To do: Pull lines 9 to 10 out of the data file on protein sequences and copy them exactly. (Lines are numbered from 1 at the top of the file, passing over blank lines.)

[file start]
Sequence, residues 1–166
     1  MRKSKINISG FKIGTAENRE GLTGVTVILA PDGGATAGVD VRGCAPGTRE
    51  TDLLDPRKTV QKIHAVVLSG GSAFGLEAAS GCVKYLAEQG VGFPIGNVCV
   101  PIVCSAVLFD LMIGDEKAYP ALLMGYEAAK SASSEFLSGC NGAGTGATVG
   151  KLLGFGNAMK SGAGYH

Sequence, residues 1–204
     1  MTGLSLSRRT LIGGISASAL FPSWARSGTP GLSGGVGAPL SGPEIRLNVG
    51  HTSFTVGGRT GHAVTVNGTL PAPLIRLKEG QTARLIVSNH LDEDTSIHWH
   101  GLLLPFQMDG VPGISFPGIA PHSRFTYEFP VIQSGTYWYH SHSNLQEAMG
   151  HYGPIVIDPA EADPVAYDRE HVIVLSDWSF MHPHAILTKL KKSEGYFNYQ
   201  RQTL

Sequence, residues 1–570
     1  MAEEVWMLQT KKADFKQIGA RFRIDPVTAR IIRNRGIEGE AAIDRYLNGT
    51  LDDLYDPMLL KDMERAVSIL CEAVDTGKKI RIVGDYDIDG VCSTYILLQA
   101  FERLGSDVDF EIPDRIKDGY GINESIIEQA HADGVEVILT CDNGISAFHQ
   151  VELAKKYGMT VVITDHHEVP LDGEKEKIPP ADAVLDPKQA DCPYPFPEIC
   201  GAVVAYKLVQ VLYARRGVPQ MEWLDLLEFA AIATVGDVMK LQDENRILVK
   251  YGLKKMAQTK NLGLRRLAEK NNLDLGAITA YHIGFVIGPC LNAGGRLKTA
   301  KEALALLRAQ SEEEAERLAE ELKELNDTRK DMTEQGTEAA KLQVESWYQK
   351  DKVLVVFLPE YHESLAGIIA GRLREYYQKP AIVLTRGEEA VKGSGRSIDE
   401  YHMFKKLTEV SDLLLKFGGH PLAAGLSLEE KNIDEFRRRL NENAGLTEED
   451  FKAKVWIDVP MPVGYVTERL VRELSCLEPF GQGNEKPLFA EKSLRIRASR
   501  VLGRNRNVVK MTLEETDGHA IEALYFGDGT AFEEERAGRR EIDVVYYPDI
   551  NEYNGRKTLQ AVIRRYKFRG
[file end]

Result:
   101  GLLLPFQMDG VPGISFPGIA PHSRFTYEFP VIQSGTYWYH SHSNLQEAMG
   151  HYGPIVIDPA EADPVAYDRE HVIVLSDWSF MHPHAILTKL KKSEGYFNYQ